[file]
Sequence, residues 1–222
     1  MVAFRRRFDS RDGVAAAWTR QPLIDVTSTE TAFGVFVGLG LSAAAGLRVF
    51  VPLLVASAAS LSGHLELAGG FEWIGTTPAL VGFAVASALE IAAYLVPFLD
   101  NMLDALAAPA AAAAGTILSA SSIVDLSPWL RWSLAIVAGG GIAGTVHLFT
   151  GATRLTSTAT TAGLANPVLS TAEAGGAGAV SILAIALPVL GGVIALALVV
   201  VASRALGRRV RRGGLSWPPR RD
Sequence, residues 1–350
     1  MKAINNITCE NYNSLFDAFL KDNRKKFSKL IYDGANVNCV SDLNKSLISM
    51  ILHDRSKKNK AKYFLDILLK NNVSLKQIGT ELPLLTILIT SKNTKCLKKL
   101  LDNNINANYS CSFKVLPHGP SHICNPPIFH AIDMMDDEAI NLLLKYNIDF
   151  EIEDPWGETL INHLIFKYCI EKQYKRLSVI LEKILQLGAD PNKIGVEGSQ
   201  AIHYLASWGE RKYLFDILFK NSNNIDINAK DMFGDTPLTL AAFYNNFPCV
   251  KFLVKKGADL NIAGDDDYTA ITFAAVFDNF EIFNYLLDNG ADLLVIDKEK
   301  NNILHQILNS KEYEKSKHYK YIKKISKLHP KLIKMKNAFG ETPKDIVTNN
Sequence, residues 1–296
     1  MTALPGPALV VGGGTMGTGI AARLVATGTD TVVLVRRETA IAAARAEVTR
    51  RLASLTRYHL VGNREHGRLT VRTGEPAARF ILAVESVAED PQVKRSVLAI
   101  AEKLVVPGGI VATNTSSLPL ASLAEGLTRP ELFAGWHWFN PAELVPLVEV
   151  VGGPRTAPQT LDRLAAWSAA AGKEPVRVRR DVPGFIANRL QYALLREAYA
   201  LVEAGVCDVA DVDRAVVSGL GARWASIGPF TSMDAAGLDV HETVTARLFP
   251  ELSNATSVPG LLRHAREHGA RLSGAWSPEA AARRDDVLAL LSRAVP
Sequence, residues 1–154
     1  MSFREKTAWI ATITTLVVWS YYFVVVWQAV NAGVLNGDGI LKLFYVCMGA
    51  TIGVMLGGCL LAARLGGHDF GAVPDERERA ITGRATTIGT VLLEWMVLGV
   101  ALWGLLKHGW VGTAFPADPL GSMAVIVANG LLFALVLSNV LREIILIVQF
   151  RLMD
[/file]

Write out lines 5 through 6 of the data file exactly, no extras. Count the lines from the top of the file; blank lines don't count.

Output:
   151  GATRLTSTAT TAGLANPVLS TAEAGGAGAV SILAIALPVL GGVIALALVV
   201  VASRALGRRV RRGGLSWPPR RD